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Ludwig van Beethoven
Piano Concerto No. 1 in C Major, Op. 15
1. Allegro con brio
2. Largo
3. Allegro

Piano Concerto No. 4 in G Major, Op. 58
4. Allegro moderato
5. Andante con moto
6. Vivace

Felix Mendelssohn Bartholdy
7. Lied ohne Worte Op. 62, 6. Allegretto grazioso “Spring Song”

Lied ohne Worte Op. 19b
8. 1, E Major “Sweet Remembrance”

Franz Liszt
9. Liebestraum S541 No. 3

Johannes Brahms
Piano Concerto No. 2 in B Minor, Op. 83
10. Allegro non troppo
11. Allegro appassionato
12. Andante
12. Allegro grazioso

Paul Hindemith
Sonata for Clarinet & Piano in B flat Major
14. Mässig bewegt
15. Lebhaft
16. Sehr langsam
17. Kleines Rondo, gemächlich

Camille Saint-Saëns
18. Variations on a Theme by Beethoven Op. 35, for two pianos

Total Playing Time: 136 mins

Victor Schiøler ©
By Claus Byrith

Victor Schiøler was born in 1899 and died in 1967. His life and career are described in the booklet for Volume 1, and various aspects have also been added in the other booklets to which I refer here.

His activities as a soloist and his increasingly comprehensive work as a teacher were central to his final years from about 1950 until his death in 1967. Here I am thinking not only of his teaching as a professor at the conservatoire, but even more of his efforts to stimulate and encourage interest in classical music. One of his tools was television.

TV was completely new. Many people were interested in it, and in Denmark only one channel was available. This was Danmarks Radio, which only transmitted a few hours daily. It opened up a unique opportunity for Schiøler to gain access to “the general public” in this way. There were many broadcasts which had the title “About the Piano” in common. In this series the sound track of Schubert’s Wanderer Fantasy has already been included in Vol 4. Besides the music, viewers could also hear Schiøler’s eloquent, inspiring and appealing introductions.

Volume 6 also includes an example from these broadcasts. Schiøler introduces and talks about Saint-Saëns’ Variations for two pianos on a theme of Beethoven. The theme is the trio from the minuet in the Sonata in E-flat, op. 31 no. 3. The variations make considerable demands on the two pianists, who constantly cast little bits of the theme to each other which they then have to grab in such a way that it never affects the pulse and continuity of the music. It demands perfect synchronization between the two players, here Schiøler and his pupil Peter Westenholz (1937 – 2008). And it is a joy to listen to them playing together! The recording was made in Schiøler’s own home on his two Hornung og Møller concert grands.

Paul Hindemith’s Sonata for Clarinet and Piano from 1939 lay somewhat outside Schiøler’s normal repertoire. From the middle 1930s and for about the next 20 years Hindemith wrote sonatas for almost all instruments, some solo sonatas, others in combination with the piano. His neoclassical approach is unmistakeable, but the sonata is highly poetic,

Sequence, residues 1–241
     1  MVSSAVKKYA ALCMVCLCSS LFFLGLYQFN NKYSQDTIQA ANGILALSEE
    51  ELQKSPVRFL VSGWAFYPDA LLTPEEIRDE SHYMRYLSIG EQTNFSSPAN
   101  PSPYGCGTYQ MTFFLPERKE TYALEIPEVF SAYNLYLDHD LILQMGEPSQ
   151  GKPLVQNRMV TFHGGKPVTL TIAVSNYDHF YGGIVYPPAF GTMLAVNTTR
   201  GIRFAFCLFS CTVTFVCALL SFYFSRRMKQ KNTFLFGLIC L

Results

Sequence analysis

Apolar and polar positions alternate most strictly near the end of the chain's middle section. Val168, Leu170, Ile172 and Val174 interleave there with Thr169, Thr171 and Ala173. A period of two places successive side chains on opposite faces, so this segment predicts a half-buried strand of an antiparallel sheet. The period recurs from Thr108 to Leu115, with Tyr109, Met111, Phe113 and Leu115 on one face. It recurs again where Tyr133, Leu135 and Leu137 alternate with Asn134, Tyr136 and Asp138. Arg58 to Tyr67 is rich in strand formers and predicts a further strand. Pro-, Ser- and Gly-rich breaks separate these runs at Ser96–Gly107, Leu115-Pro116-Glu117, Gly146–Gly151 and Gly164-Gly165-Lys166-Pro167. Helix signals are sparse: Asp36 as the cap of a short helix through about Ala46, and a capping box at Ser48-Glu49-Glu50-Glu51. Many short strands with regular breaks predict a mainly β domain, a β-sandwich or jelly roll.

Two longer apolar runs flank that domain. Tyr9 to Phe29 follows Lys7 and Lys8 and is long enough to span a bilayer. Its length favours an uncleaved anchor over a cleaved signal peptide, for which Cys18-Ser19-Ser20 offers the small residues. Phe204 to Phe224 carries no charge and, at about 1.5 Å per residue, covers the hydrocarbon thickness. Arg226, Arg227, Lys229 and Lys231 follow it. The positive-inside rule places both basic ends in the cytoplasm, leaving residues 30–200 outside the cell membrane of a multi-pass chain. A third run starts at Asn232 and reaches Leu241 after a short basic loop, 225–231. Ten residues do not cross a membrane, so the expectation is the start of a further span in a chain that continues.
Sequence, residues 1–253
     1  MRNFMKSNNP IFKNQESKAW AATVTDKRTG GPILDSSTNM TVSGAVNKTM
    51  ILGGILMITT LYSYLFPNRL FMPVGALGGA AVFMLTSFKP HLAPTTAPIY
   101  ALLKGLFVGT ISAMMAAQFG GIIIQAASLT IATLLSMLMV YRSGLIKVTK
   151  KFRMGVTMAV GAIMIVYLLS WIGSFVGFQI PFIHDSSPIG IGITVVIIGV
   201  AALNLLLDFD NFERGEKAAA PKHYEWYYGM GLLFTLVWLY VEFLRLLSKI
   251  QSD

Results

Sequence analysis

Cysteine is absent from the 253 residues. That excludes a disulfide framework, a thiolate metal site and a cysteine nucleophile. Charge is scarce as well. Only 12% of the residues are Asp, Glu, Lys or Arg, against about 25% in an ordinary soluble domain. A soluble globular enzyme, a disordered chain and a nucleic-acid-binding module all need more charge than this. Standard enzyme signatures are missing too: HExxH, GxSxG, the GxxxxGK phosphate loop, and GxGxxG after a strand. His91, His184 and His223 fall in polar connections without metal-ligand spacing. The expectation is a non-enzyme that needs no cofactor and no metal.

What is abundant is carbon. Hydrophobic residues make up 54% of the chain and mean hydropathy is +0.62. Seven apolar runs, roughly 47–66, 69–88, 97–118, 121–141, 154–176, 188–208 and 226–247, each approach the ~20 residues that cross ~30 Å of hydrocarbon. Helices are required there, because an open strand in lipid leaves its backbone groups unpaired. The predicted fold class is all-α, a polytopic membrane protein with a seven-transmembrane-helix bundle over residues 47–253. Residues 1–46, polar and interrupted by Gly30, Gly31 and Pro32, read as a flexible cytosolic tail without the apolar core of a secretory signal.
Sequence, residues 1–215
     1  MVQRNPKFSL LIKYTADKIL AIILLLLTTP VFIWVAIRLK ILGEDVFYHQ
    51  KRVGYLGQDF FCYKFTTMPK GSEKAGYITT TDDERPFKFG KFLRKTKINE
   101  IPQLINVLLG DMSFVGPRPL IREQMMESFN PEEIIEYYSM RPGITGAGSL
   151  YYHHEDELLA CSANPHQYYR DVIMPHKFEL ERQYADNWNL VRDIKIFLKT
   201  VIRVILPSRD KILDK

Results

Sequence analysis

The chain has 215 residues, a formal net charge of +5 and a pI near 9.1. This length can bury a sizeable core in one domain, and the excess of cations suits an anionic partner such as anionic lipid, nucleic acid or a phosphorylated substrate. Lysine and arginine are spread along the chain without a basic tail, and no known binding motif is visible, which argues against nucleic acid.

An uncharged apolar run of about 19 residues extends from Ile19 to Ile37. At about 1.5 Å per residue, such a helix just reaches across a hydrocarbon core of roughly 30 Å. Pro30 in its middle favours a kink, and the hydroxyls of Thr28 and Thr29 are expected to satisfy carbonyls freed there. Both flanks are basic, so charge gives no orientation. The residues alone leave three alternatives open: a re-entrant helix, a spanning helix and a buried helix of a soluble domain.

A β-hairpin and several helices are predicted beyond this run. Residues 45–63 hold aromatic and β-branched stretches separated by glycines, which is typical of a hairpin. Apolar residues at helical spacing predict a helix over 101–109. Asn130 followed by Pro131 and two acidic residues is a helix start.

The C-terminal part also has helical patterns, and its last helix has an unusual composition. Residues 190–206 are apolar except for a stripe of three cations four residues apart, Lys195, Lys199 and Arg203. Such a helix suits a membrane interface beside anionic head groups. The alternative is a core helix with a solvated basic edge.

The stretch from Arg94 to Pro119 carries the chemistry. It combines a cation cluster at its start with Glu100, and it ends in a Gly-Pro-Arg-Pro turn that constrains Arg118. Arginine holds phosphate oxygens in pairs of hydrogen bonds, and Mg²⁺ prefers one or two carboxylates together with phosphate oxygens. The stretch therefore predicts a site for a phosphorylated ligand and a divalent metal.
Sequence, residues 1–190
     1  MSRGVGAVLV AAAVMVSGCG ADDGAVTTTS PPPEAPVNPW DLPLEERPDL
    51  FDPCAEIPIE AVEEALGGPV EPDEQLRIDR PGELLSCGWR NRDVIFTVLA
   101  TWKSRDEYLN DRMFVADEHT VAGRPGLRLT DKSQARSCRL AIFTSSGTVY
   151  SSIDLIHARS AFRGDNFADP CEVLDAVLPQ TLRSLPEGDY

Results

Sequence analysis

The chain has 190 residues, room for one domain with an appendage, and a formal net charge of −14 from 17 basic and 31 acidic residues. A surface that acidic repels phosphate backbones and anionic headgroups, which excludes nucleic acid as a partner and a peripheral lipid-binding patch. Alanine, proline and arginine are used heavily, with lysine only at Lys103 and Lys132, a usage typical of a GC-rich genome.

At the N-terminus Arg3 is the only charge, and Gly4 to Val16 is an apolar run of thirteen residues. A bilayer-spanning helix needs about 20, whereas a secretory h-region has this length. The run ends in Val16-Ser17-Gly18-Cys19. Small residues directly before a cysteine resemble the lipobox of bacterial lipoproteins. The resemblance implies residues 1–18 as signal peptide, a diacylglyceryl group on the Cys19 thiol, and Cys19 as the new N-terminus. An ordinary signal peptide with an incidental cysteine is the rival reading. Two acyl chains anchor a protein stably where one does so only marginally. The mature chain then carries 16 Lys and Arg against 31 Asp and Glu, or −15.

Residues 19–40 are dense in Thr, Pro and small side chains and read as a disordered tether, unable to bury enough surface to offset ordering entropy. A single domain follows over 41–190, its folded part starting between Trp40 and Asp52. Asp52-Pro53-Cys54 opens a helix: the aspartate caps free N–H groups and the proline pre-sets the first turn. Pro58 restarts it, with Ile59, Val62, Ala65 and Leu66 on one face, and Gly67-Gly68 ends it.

the ensemble works well and is immediately appealing. It was composed in just one week in 1939. The clarinettist is Ib Eriksson (1920-68), the solo clarinettist in the Radio Symphony Orchestra. Eriksson was, just like Schiøler, also very interested in awakening interest in classical music, especially among young people, and this interest found expression in his work as conductor of the Amateur Symphonists. His collaboration with Schiøler represented chamber music at a high level. It is very fortunate that this recording has been preserved, not only because of the distinguished playing by both artists, but also because it shows Schiøler in another kind of repertoire than that we normally meet him in.

In the 1950s Schiøler made quite a number of small so-called EP records of short piano pieces, 7” vinyl discs which played at a speed of 45 rpm. The records were cheap and of course intended to help arouse Danish people’s interest in good, well-played piano music. In this production there are two of Mendelssohn’s Songs Without Words and Liszt’s Liebestraum taken from two of these records. The quality of the pressing is not particularly good, and the material used was often recycled remnants that came from records which had not been sold. This means that the background noise on many of the records is somewhat intrusive. But they were popular, and many of them sold well. One might say that Schiøler’s mission achieved its aim in many different ways.

The two Beethoven piano concertos and the Brahms concerto are all live recordings from concerts broadcast on the radio. The oldest recording is Beethoven’s 4th Concerto from 1949. At that time tapes were not yet used for recording. Records were cut on lacquer discs which could only accommodate 4-5 minutes on each side, so that many sides were needed for a concerto lasting over half an hour. The records were cut with a small overlap making it possible to play them without a pause when changing, but it required considerable experience and practice to perform such a play-back for a repeat broadcast. As a boy I remember that it was sometimes possible to hear the changes. Fortunately, this is not the case here!


March 2023


DACOCD 962-963